When Kohei Hara was a college freshman in Tokyo, he struggled to find genuine friendship. “Even though there were a lot of students on campus,” he recalls, “I felt really lonely and I was seeking something.” But his quest did not naturally lead him to God.
Like many Japanese youth, he grew up without a strong belief system. “I was more of an atheist, but would go to the Buddhist temple for funerals and on special occasions. It wasn’t a real center in my life.”
Not long after arriving on campus, Hara was invited to a fellowship by a Christian student. “Even though I went to the Christian fellowship, I was afraid of religion because cults were beginning to emerge, like the one that caused the Tokyo subway poisoning the following year,” says Hara. “I was a little afraid of accepting Christ, of being a Christian.”
For the next six months, Hara gradually studied the Bible and learned about Christianity. Then, in January 1994, Billy Graham came to town. One of Hara’s friends was training to be a counselor at the Crusade, so he practiced sharing the Gospel with Hara. “He was full of training and knew how to use the material and I said yes to receive Christ on January 13.”
The next day, his friend took him to the Crusade at the Tokyo Dome. “I listened to the message from Dr. Billy Graham and I confirmed my faith and went forward at the altar call,” says Hara. “I read the devotional booklet and the follow up materials. I learned how to get into a church and got baptized.
“Because I accepted Christ at a Billy Graham Crusade,” he adds with great excitement, “I am so happy that the BGEA and Franklin Graham are coming to Osaka!”
As part of his work with Campus Crusade for Christ, Hara is mobilizing students to attend the Festival. “We want to spread this spiritual movement all over Osaka and the Kansai region. We want to impact the whole nation for Christ.”
Leaders Look for Revival
Hara is not alone in his excitement. Festival Director Chad Hammond says that the entire leadership team is “very excited” about what God will do at this Franklin Graham Festival. “We believe God can impact Kansai in a way that, 30 years from today, people will look back on this Festival the same way they looked back at the Billy Graham Crusade 30 years ago. They will realize that Franklin Graham, when he came to Kansai, began a revival.”
Osaka attorney Akihiro Mochida would agree. “During the Japanese Edo period, our country was closed to the outside world. But an American, Commodore Matthew Perry, came to Japan to open the country to the West. That is one of the historical moments in Japan. This Festival will be a second historical moment that will open this nation to the Gospel, and Franklin Graham will be a second Admiral Perry.”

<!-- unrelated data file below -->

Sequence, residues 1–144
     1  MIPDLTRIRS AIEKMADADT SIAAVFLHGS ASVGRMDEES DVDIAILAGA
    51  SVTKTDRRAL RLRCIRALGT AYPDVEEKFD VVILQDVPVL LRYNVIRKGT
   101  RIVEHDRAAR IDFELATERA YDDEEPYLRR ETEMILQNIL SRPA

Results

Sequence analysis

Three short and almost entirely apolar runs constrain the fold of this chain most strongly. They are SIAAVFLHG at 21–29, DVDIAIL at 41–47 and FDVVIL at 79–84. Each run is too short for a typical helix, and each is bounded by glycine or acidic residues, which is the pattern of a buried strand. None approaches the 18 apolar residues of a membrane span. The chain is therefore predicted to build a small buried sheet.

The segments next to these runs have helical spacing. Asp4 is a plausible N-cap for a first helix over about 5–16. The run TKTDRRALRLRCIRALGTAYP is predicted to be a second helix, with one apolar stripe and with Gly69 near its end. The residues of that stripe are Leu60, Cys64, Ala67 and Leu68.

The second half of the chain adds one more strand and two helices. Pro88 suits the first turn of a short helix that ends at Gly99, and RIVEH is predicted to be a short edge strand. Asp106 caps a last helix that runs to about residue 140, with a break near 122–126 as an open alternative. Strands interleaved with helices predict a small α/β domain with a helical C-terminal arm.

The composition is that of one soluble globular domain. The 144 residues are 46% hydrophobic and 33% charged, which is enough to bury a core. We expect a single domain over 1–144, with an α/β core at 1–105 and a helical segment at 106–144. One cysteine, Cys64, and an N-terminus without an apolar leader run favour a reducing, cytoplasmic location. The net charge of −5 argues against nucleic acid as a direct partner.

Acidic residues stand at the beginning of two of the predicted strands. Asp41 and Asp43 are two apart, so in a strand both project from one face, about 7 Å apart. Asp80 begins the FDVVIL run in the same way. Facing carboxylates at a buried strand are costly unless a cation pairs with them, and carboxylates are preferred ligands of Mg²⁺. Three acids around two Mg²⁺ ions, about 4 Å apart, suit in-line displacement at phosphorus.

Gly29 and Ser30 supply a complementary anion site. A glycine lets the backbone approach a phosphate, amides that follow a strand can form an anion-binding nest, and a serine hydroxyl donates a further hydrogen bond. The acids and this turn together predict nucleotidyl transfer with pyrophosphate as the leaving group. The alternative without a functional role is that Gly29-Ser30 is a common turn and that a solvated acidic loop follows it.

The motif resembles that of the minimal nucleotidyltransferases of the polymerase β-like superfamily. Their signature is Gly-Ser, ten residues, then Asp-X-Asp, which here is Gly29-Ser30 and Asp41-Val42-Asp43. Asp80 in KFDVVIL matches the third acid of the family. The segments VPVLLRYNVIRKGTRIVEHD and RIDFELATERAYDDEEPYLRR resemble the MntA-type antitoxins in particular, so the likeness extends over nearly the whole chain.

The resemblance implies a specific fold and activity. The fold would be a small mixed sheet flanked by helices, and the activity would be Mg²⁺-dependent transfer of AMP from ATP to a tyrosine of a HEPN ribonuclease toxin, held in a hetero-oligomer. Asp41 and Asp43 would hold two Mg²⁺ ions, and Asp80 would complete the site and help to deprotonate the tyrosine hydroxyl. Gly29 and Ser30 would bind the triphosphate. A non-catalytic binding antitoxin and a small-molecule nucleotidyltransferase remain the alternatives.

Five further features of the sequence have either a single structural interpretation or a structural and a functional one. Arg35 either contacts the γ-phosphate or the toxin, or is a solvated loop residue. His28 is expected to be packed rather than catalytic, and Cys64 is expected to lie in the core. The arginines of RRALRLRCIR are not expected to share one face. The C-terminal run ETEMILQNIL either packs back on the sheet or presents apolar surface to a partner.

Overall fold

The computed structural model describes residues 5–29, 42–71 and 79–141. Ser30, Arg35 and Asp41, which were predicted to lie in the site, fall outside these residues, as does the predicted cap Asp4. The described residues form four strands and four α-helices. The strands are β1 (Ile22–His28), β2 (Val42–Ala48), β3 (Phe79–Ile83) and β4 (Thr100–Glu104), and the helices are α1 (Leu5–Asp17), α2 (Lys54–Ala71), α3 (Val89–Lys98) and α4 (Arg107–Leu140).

Mochida prays that “many will be saved—but even if one person accepts Christ—it will be worth it. I pray for spiritual revival in the Kansai area.”
Festival Executive Chairman Yoshikazu Takada says, “Excitement is beginning to grow. I believe God’s Holy Spirit is moving among many churches. So many people are dealing with disappointment nowadays. I believe this is God’s time to give people hope in Christ.”
Even people half way around the world are praying for this Festival and for the church in Japan. “Although I am not living in Japan now, I’m very excited to hear about Franklin Graham Festival,” says Hotaru Hayashi, who is a student at Portland Bible College in Oregon.
“My mother church is in Osaka—Toyonaka Hozumi Church. After I heard the problems which Japanese churches and pastors and Christians have, and when I heard that the great preacher Franklin Graham will come to Japan, my heart burned for Jesus and I decided to fast and pray for my nation.”
Along with his friends at Portland Bible College, Hayashi has been fasting and praying every lunch time until the Festival ends. They also made a video to call the world to fast and pray for Japan and the upcoming Festival. You can view the video here »
Claudia Martinez from Peru says, “Just yesterday, I was getting ready to mail something for my Japanese friend who lives in Osaka and thought about her family’s salvation. I was praying that they know Christ as their Lord and Savior.”
She says she felt “frustrated because I neither speak Japanese nor am I there to share about Christ. My friend and her family were very kind to me. They invited me to visit their country and paid my way in 2003. They know I’m Christian.”
Claudia is among those around the world praying for this Festival. “I hope my friend and her family will hear the Gospel there,” she adds.
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